It’s hard to imagine there’s actual good news in a country that’s suffered a 20-year civil war; with 5.4 million dead from fighting, disease and malnutrition; and 50 percent of children under five suffering from stunting, lifelong cognitive development problems caused by chronic undernutrition. Yet, in the provinces of South Kivu and Katanga in the Democratic Republic of the Congo (DRC), farmland is being developed, nutrition is being dramatically improved, and the status of women is being advanced. By integrating women into agricultural and nutrition programs, family health is improving and gender-based violence is diminishing.
That’s the result of cooperation between our faith-based organization, Food for the Hungry, the U.S. government and local communities.
As an experienced implementer in some of the most impoverished areas of eastern DRC, Food for the Hungry, working with the U.S. Agency for International Development’s (USAID) Food for Peace Program, has converted 914 hectares of non-arable valley into productive farmland. That’s an area over seven times the size of the National Mall in Washington, D.C. where crops are being sustainably produced to increase household nutrition for over 13,000 households. And this is just one example of the wider project. Nearly 32 miles of canals, drains, dykes and collecting ponds now crisscross another community in impoverished eastern Congo.
Among the women leaders in a Food for the Hungry Women’s Care Group project is Kyala Bangwe Ernata, a mother of five. Kyala received health and nutrition education and a chicken in March 2014, and in less than a year, she became a trusted leader in her community. She was able to breed, and distribute chickens to nine other women and educate them about health and nutrition. Not only are the nutritional needs of children being better met, these moms can now pay school fees, in a country where school is not free, by selling chickens and eggs. Kyala now has 16 chickens of her own and she’s been able to distribute more to her neighbors. Food for the Hungry’s volunteer mothers have become some of the most dynamic and motivated development leaders in their communities.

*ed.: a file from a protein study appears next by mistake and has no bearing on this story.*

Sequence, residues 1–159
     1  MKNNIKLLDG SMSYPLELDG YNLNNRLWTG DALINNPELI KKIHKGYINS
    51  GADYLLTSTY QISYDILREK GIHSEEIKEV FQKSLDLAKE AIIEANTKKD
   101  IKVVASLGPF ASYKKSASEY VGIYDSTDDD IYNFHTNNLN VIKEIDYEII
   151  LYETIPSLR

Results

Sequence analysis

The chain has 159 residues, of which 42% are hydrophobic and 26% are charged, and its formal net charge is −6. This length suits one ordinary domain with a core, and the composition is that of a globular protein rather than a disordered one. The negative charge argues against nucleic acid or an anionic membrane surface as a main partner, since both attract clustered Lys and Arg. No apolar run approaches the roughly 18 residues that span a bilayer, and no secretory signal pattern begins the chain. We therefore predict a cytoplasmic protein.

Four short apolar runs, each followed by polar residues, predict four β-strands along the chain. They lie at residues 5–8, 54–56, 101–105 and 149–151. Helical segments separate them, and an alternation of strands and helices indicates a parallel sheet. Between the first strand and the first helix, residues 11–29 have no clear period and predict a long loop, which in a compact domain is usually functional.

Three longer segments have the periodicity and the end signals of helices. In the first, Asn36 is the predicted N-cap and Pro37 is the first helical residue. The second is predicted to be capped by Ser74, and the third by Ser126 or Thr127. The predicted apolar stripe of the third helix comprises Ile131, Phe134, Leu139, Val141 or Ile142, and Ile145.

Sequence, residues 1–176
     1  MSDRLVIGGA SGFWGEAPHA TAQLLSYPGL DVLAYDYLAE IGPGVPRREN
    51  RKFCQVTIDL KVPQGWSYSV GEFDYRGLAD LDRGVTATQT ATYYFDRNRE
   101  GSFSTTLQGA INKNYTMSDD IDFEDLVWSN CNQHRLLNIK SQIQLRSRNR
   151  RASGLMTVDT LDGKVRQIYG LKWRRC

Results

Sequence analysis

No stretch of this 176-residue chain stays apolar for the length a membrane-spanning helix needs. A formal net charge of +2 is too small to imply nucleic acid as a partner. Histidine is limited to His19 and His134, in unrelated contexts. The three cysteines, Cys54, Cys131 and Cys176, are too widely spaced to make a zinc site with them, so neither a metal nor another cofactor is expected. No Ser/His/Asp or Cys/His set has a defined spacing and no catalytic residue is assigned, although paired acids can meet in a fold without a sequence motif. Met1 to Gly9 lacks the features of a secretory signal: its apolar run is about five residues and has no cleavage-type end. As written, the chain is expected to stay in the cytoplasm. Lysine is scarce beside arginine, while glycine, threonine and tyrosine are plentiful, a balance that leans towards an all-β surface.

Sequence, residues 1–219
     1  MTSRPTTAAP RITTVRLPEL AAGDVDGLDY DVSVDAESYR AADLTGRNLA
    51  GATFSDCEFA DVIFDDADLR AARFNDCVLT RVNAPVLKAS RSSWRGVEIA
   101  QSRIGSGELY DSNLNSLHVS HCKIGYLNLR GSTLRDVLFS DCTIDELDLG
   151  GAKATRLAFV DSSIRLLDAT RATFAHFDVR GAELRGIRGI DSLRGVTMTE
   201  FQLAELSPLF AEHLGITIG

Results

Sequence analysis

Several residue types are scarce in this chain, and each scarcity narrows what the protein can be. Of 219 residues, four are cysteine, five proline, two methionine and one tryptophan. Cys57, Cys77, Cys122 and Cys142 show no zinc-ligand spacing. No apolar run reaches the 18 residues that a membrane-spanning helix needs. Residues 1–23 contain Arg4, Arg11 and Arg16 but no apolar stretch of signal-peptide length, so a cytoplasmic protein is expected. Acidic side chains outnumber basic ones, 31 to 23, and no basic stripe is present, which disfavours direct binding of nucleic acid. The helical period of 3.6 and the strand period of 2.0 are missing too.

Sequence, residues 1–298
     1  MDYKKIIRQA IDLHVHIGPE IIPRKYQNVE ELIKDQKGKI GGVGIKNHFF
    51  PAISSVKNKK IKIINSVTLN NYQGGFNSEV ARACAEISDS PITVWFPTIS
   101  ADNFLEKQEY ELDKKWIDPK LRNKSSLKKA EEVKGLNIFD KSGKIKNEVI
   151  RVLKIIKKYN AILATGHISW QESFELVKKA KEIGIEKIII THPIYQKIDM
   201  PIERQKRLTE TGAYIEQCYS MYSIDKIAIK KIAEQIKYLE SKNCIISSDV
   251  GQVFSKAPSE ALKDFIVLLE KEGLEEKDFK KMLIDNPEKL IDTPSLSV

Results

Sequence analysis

Many doubted that a volunteer-based model would work in the Eastern DRC. But women Care Group volunteers, like Kyala, have a strong commitment to strengthening both their families and their communities with improved dietary diversity, stronger networks between women and girls, and better economic opportunities. With such dramatic, positive change, Food for the Hungry is building on the capacity and social standing of women in their communities, and expanding this model to reach over 50,000 mothers with children under age two. Eventually, 90,000 individuals will benefit through this volunteer cascade model.
We are working toward the day when families here—and in other regions of the DRC—will be able to meet their food needs. Just as these women depend upon influential leadership and collaboration of their communities, so, too, do we and our non-governmental partners depend upon the leadership and collaboration of the U.S. government, which has unique global influence like no other.
Yet, U.S. foreign assistance is less than one percent of the federal budget. Members of Congress are currently considering how to allocate the federal budget for the rest of fiscal year 2016. If a cascade of hope can start with one volunteer mother leading a care group and distributing chickens, think how much more farmland, nutrition, education and hope can cascade from a modest increase in support for foreign assistance funding that moves lives from hardship to security. As it says in Psalm 126, “those who sow with tears will reap with songs of joy.” The hope we sow together is a beautiful reminder of this truth.
Edmonds is president/CEO of Food for the Hungry, a Christian organization founded in 1971, inspired by Psalm 146:7, “He upholds the care of the oppressed and gives food to the hungry.” Food for the Hungry is headquartered in Phoenix, Arizona.